Just a few days ago I met up with someone from my high school years, more than an acquaintance, not quite a friend. Not sure what defines a friend, but I am pretty sure that if you never visited each other’s houses, you did not make the cut for friends. Nonetheless, we were friendly through high school - nights spent together at marquesina parties, marquesina being a unique puertorican construction, a sort of concrete shed with an open back and wrought iron swinging doors that would usually house a car or two, but for the evening was filled with fifty to a hundred sweaty teenagers marinating in a soup of their own hormones in the funk of an overhot tropical night, tree frogs singing in the yard - crystal blue persuasion blaring from the rickety stereo.

But I digress.

So my friend (let's keep it simple) is in my neck of the woods - Boston - as a dangling spouse and to visit his middle daughter, currently a frosh at Boston College. We have reconnected through a common high school chum that is very sick and facing his own mortality has decided to reunite us all, all 113 of us, even if just on Facebook. He messaged me on Facebook at the last minute being in town already and we decided to meet. He was on full on tourist mode and as such was heading to the Museum of Fine Arts. Now, the MFA has just opened a new America wing with all its Copley’s, Cassat’s and other assorted Americana as well as a budding colonial Latin American collection , not to mention that the burger at the new cafe had gotten a good review already, three days before it opened to the general public. So, I told him I would meet him there for lunch. Awkward.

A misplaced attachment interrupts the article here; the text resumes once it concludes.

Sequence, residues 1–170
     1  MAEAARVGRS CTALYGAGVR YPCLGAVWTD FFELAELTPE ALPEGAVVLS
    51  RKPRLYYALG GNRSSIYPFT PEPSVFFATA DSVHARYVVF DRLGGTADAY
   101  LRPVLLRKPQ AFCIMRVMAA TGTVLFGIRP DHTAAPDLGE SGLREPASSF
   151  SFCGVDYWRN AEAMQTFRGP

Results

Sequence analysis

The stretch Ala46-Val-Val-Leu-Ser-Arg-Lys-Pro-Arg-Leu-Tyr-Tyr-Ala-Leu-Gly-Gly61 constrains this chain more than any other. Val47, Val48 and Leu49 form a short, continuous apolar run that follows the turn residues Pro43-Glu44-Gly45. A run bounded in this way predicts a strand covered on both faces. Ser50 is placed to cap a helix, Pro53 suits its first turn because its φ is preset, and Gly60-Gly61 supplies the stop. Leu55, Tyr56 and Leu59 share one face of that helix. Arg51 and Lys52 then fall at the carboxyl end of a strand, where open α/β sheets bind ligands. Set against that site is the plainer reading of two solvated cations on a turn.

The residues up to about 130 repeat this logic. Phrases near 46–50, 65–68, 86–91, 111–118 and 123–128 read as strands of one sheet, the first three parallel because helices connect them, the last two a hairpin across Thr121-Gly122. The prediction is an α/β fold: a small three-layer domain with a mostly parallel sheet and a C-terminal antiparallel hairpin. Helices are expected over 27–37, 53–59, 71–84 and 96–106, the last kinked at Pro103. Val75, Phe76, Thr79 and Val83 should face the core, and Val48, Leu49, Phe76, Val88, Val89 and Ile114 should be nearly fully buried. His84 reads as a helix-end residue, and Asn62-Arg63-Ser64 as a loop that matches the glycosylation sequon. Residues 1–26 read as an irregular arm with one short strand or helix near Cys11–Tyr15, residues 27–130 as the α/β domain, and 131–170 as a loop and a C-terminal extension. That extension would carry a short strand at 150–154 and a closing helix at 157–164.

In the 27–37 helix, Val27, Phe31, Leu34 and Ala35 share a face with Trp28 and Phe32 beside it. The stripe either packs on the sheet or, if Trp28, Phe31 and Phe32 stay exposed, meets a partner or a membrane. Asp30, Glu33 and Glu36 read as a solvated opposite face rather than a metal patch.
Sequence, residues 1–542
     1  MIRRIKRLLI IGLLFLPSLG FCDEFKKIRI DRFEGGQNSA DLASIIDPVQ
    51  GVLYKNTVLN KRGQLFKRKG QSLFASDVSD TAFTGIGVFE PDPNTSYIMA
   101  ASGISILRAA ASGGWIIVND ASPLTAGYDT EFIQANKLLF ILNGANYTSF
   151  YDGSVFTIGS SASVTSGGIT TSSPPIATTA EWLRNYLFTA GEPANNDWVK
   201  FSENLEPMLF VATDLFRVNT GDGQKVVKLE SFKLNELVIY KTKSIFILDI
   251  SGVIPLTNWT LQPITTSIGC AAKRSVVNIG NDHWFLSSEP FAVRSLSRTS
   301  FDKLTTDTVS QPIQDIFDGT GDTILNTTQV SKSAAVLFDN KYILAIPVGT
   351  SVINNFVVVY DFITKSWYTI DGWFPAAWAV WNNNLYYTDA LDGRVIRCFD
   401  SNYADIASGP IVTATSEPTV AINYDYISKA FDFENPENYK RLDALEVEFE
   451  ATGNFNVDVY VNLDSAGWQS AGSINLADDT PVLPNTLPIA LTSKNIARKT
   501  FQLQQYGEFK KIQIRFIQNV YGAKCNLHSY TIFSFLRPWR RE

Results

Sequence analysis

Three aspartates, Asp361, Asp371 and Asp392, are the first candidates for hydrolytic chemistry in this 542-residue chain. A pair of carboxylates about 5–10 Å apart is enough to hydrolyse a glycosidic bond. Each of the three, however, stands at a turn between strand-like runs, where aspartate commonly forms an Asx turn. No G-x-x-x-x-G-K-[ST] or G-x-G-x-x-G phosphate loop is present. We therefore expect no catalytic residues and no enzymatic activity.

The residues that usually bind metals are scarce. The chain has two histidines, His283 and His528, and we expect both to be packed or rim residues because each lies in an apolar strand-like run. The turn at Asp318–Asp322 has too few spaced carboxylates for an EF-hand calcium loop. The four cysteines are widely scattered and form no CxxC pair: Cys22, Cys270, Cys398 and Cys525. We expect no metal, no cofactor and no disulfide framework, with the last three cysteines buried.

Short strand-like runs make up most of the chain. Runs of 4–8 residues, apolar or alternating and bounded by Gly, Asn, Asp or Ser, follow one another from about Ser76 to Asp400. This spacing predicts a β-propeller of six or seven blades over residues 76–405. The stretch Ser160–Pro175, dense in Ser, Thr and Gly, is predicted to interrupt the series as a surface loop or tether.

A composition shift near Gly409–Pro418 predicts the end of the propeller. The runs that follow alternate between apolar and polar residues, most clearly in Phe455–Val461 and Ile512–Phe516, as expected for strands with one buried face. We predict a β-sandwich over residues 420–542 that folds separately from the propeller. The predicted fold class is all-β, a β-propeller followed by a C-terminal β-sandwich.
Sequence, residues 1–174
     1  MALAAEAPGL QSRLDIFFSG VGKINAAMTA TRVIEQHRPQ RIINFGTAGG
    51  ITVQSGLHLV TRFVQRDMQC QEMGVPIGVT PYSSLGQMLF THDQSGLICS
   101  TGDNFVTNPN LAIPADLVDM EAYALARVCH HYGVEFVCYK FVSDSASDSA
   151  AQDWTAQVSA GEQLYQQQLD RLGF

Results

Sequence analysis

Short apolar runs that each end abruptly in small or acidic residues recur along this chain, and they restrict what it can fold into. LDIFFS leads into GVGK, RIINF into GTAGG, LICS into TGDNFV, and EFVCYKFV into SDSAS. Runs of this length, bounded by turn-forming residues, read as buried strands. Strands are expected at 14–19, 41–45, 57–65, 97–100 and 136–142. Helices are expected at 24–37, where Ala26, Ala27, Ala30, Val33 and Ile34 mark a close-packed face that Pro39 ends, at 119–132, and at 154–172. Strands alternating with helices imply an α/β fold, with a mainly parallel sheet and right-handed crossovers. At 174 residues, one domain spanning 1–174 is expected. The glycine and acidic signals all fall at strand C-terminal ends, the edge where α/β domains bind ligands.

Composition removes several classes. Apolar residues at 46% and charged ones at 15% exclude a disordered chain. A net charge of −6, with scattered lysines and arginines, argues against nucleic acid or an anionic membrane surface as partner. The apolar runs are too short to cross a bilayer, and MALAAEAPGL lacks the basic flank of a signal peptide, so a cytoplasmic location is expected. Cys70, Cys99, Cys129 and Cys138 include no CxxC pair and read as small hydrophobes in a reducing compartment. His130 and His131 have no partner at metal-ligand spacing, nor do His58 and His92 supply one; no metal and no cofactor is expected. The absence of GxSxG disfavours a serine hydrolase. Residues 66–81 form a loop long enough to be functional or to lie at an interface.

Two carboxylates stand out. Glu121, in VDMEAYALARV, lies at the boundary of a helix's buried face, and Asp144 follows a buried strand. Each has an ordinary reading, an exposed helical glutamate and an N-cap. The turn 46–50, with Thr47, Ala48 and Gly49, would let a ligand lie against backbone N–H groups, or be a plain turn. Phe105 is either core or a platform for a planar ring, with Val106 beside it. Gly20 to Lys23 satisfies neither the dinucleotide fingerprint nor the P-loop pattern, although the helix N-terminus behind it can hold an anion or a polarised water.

It was not awkward at all - not the clichéd picked up where we left off - but closer than the gulf of years would lead you to believe. Maybe is just our age, at fifty you tend to talk more freely about real stuff and spend a lot less time on the chit-chatter, sweet . I for one, had a great time, the burger lived up to the build up, the cafe space is monumental and we got to spend a fair amount of time catching up as the service was brand-new-restaurant slow.

It was a very bittersweet reunion - there we were - thirty years on, old but not aged, yet, reminded of our mortality in the most direct way - how could the vital, beautiful, carefree teenager I remember could have turned into the middle aged balding person across the table from me? And yet, the sweet, that familiarity reaching across the years salved the bitterness and achieved that wonderful balance of laughter through tears - the human condition redux - the joy of life and the forward memory of death.